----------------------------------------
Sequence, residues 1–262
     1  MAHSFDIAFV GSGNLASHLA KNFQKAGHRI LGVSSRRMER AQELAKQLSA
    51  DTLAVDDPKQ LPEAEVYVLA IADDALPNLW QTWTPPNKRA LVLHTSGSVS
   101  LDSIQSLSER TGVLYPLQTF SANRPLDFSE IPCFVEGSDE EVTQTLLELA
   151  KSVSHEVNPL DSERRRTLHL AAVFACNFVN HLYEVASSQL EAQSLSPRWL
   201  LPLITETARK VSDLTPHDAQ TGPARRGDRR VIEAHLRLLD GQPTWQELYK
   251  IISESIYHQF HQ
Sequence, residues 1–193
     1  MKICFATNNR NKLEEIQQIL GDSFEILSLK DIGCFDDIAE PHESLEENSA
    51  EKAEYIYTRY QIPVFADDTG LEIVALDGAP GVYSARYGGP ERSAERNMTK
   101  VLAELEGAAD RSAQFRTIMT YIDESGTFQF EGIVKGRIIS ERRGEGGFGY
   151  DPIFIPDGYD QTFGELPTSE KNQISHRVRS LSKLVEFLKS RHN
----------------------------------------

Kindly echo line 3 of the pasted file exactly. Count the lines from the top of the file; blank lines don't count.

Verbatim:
    51  DTLAVDDPKQ LPEAEVYVLA IADDALPNLW QTWTPPNKRA LVLHTSGSVS